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Nokia's shareholders approve Alcatel-Lucent deal
[HELSINKI] Shareholders in Finnish telecom group Nokia approved the company's acquisition of French-American rival Alcatel-Lucent on Wednesday, paving the way for the creation of a mobile phone networks giant.
They approved the transaction at an extraordinary general meeting in Helsinki without any dissenting voices from the shareholders present.
Shareholders representing 99.5 per cent of Nokia's capital had given their approval in advance.
Once the world's top mobile phone maker, Nokia hopes the merger will help it become the world's number one network equipment and service provider, with a combined revenue of nearly 25 billion euros (S$37.4 billion).
"The shareholders showed their strong support because we got 99.49 per cent of the vote in favour of the proposal," Nokia chief executive Rajeev Suri told AFP.
"While our portfolios are highly complementary, our cultures have many similarities," he said.
Nokia called its shareholders to authorise the deal after it had obtained all necessary regulatory approvals for the deal last month, mainly from the United States, France and China.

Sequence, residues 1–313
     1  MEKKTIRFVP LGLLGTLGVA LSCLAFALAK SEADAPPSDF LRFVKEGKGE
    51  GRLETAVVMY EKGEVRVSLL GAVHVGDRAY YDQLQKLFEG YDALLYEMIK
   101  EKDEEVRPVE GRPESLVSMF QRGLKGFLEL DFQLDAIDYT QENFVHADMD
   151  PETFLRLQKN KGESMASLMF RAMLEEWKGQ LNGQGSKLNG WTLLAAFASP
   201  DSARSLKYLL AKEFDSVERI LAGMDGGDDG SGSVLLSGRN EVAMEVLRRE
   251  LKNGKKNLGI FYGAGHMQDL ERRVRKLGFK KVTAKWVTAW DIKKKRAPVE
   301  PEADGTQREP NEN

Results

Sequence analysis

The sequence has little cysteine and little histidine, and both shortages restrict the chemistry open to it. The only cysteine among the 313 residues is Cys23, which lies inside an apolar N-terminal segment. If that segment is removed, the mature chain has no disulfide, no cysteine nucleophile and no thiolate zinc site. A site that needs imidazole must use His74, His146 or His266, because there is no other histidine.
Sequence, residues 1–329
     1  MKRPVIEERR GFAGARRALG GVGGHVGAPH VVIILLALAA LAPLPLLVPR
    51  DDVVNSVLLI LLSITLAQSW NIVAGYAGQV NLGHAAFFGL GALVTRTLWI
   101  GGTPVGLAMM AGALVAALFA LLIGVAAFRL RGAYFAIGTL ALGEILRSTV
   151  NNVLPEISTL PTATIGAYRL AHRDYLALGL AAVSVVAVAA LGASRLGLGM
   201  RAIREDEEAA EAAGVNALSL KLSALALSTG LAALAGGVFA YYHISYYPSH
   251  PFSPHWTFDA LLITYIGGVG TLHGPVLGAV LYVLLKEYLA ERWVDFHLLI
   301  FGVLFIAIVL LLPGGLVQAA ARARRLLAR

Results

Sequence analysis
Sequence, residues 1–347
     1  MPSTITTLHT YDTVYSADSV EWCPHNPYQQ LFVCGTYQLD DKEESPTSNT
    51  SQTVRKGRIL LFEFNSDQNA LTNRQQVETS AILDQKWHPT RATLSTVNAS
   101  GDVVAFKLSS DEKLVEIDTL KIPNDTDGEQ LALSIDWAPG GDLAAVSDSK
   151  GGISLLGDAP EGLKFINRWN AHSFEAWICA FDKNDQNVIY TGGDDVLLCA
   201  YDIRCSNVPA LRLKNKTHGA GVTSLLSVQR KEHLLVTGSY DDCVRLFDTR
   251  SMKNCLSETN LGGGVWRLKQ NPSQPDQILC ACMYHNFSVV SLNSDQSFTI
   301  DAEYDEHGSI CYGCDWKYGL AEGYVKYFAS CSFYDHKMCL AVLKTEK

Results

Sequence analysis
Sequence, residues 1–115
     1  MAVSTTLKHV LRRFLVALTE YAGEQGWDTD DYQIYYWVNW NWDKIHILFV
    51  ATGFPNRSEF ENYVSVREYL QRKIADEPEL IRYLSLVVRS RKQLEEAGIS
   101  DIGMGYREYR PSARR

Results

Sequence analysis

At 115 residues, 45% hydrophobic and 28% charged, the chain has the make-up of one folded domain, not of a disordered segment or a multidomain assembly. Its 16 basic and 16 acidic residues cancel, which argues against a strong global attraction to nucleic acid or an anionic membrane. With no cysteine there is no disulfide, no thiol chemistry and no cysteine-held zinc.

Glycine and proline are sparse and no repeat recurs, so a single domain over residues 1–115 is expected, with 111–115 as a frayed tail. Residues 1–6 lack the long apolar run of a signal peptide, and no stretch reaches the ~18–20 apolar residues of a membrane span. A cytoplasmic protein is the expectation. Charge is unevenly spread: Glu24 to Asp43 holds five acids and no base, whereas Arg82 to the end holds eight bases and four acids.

"The strategic logic remains as compelling today as on the day when we announced the transaction," said Mr Suri.
The acquisition will allow Nokia to expand from telecoms networks to Internet networks and 'cloud' services to better compete with its global rivals, the Swedish group Ericsson and Huawei of China.
"The combined company would lead in key geographies like North America and China... Our innovation capabilities will be massive, with an annual spending of 4.7 billion euros," Mr Suri said in mid-November.
Analysts view the deal positively.
"In our opinion it makes sense. Of course every transaction has its difficulties and it won't be easy but clearly it will bring the benefits of size," said Equity strategist Kristian Tammela at Nordea Wealth Management.
Nokia hopes to close the deal in the first quarter of 2016.
"By ratifying the transaction in such great numbers, they (shareholders) have endorsed our strongly-held belief that the combined company will be better positioned to compete as a world leader in network technologies over the long-term," said Risto Siilasmaa, chairman of the Nokia board of directors.
This year Nokia has recovered from the financial woes it suffered after failing to adapt to the rapid rise of smartphones, which ended with it selling its unprofitable handset division to Microsoft two years ago.
Some shareholders were nervous ahead of the decision.
Reijo Hakonen travelled 800km to Helsinki to hear what Nokia's board had to say about the deal. Hakonen has owned a small amount of Nokia's shares for many years.
"I am a little unsure about this union between Nokia and Alcatel-Lucent. It can be terribly difficult, two big companies with a different culture in each house. How will they manage to merge them? It isn't simple at all, as we saw with Microsoft. At least it will require a lot of work," he said.
The reformation is not Nokia's first. In its 150 years of existence, the company has redefined itself numerous times before, from a pulp, rubber and cable manufacturer to computers.